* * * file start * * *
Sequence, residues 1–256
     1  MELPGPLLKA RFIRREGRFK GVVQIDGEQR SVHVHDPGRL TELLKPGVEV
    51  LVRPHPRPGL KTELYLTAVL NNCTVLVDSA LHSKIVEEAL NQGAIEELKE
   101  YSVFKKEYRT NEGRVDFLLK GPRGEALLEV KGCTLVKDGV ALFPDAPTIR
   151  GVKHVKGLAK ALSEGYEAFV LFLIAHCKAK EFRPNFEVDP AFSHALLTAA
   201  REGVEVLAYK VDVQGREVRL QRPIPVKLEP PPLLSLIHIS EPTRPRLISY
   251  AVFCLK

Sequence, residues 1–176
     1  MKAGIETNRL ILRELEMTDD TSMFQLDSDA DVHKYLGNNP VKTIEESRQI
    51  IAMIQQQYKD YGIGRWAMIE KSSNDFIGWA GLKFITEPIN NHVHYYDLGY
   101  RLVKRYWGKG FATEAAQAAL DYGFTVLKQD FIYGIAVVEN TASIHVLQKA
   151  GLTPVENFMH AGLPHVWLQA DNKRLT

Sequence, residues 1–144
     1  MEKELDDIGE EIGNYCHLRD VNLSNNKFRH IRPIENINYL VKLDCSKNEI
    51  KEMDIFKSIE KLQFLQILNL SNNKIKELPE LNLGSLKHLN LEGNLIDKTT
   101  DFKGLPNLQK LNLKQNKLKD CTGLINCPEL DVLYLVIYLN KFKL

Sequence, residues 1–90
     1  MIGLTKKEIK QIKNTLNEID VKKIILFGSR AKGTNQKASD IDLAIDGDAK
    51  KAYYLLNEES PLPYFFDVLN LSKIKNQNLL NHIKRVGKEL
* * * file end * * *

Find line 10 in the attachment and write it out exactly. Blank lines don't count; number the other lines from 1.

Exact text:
    51  IAMIQQQYKD YGIGRWAMIE KSSNDFIGWA GLKFITEPIN NHVHYYDLGY